In 2018, we both worked on The Star Wars Demo which won the demo competition at X2018. I remember asking you to do Leia's Theme as I love the original tune so much. When you later sent it to me, I was blown away! You not only nailed the melody and chose the perfect sounds for it, but you caught all the emotions of the original song and I might be so bold to say that this is the best cover ever made on the C64. Too bad we couldn't use it with a proper Star Wars scroller, haha! Anyway, how did you approach the four covers you did for the demo?
Thanks for those kind words! It certainly helped to know the tunes by heart, but in order to nail it you have to go deeper and listen more closely. There is nothing special about my approach; I load the original into Audacity and listen to all the details closely and repeatedly. Leia's Theme was the hardest because it involved capturing the orchestral instrumentation, the timing and the dynamics. At the same time it was easiest for I was "in the zone" when doing it and progress went fast.

On the flip side, Laxity pointed out some inaccuracies in my rendition of the Cantina Theme, and yeah, of course he was right! Taught me to listen even more closely next time, heh.

Also, I must mention that it was such a super great thing to win the demo competition at X2018. You spend a lot of time working on a demo, and you do it for fun and you hope that people will like it. To win a compo, to be walking towards the stage to pick up your prize while being backed up by applause and high fives from your peers... It's the greatest feeling! What do you remember from this evening? Is winning competitions important for you?
Yeah that was definitely magical... Winning is the cherry on top and I love the thrill of a prize-giving ceremony. However, my personal drug that got me hooked in the demoscene is what I would call the "collective creative buzz"! This feeling, and the friendships, and the fun, are more important than winning.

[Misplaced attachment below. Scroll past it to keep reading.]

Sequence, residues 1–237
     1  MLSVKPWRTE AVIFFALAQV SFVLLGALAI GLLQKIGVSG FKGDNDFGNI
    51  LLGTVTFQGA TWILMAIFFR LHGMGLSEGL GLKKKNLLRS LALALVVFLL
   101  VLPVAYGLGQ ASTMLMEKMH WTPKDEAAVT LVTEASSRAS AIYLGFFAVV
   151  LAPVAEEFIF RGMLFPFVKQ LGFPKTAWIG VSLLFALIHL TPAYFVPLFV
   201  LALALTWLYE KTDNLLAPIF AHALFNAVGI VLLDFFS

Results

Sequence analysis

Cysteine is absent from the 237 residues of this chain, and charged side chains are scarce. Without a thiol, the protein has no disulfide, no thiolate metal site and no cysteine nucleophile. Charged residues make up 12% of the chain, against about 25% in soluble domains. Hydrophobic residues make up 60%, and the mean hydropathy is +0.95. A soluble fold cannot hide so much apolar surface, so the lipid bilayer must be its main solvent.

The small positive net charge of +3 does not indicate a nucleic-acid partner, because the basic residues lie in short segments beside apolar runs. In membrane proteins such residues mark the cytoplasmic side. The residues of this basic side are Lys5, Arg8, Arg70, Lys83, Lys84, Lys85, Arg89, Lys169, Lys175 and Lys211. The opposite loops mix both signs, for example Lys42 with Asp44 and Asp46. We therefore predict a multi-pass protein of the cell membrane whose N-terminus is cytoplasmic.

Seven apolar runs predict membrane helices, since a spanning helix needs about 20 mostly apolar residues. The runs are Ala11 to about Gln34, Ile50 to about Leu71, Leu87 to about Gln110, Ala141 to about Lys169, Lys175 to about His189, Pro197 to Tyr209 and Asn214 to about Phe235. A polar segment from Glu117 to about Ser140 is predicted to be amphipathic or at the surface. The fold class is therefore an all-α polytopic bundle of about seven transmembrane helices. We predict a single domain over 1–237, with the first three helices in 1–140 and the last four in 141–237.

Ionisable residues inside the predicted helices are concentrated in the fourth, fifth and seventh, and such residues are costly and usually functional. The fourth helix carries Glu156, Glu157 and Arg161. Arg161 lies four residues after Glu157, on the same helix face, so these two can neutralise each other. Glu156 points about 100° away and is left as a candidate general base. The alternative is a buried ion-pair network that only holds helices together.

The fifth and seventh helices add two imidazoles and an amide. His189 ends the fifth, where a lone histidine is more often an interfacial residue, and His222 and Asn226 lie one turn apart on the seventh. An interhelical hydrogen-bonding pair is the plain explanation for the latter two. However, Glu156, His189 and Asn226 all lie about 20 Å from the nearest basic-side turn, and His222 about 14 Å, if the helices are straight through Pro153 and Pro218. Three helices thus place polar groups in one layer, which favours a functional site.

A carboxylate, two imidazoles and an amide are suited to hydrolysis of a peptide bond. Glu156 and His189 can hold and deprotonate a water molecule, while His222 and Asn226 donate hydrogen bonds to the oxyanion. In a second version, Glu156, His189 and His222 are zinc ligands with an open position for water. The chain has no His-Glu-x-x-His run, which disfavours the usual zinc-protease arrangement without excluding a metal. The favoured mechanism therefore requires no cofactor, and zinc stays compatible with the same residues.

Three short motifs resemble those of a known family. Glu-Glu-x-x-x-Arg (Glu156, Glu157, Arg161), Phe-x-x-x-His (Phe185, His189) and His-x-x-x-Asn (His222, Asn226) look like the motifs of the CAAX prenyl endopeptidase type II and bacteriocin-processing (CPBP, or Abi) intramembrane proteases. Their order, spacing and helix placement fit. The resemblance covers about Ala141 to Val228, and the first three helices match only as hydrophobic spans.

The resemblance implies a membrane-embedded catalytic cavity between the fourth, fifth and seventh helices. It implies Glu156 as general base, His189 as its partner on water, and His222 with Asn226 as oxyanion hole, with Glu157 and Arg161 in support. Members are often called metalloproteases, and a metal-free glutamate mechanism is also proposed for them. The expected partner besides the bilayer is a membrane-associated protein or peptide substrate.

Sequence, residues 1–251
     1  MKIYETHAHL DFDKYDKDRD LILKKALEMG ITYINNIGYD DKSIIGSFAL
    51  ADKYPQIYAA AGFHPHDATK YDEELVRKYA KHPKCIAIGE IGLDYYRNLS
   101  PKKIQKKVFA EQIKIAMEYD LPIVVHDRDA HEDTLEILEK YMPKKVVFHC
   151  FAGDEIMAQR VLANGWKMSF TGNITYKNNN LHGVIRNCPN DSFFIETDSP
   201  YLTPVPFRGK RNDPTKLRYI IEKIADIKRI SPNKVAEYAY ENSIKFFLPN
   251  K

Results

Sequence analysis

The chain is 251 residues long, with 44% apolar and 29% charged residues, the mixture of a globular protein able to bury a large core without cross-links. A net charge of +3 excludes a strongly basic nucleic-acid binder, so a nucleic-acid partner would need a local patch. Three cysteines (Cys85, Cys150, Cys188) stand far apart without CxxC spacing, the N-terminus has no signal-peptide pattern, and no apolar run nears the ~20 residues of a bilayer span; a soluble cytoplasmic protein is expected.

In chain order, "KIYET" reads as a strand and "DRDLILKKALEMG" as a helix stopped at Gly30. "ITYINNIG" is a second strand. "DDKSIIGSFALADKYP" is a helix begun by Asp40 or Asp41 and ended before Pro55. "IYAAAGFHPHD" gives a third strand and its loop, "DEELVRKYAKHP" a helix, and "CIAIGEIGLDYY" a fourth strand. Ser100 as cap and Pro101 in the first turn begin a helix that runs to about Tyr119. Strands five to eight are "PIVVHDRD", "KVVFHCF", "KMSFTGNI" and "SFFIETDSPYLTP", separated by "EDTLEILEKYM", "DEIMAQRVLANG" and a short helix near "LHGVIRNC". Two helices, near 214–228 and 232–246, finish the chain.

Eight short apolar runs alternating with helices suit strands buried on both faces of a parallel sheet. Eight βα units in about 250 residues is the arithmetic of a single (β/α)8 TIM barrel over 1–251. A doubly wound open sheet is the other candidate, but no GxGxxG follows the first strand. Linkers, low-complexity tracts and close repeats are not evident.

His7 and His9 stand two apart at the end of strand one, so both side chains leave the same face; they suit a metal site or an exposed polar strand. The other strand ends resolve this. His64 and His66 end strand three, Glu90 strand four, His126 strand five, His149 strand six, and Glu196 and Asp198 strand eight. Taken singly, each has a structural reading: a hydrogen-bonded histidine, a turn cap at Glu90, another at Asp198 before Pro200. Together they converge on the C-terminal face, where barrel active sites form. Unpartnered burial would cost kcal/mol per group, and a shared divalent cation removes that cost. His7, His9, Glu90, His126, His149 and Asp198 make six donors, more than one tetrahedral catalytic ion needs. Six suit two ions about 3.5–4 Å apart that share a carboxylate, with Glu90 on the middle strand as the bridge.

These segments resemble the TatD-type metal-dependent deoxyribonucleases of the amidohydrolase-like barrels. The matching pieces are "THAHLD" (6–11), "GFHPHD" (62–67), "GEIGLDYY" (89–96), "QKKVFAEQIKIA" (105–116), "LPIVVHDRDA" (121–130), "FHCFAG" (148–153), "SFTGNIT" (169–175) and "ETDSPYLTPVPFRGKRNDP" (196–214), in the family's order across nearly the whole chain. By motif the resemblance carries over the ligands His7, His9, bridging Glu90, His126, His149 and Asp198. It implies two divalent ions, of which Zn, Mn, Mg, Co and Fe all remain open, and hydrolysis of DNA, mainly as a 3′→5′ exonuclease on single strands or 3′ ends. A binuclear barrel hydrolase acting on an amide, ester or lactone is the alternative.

And many artists these days feel the same way. Luckily it's no longer taboo to be in multiple groups and people love doing coops or guest work. Still, it is good to have a home base, a main demo group to be in, which is Censor Design for me (also mentioning MultiStyle Labs here, as a pure music group). The competition between groups is fun, and it's even more fun to compete against your friends and pull each other's legs. :-D

So Markus, you're doing great SID's, great remixes, great original tunes and you can draw like a god. Oh, I almost forgot: You do pixel art too. The obvious question is of course: What do you suck at?
Catching a ball. Drawing a straight line. Remembering faces. The latter leads to rather awkward situations at demoparties. Change your hairstyle? Get new glasses? Might be I won't recognise you next time we meet. ;-D

By the way, where did you get your handle from? Have you had others?
It began with a practical joke that a new classmate pulled on me in 5th grade art class. The nickname started as an insult that I jokingly threw at him, it evolved into something completely nonsensical, and finally was abbreviated to LMan. Needless to say we became besties for life and he ended up with the nickname BMan by the way. So while it had a hilarious origin, today the meaning of the L has become ambiguous, with whatever I want it to mean at the instant. So yeah, LMan has been my one and only handle since childhood days.

Please tell us about all the groups you were/are in. Include full names and the order in which you joined them. And by all means, write a little about each group, why you joined them, etc.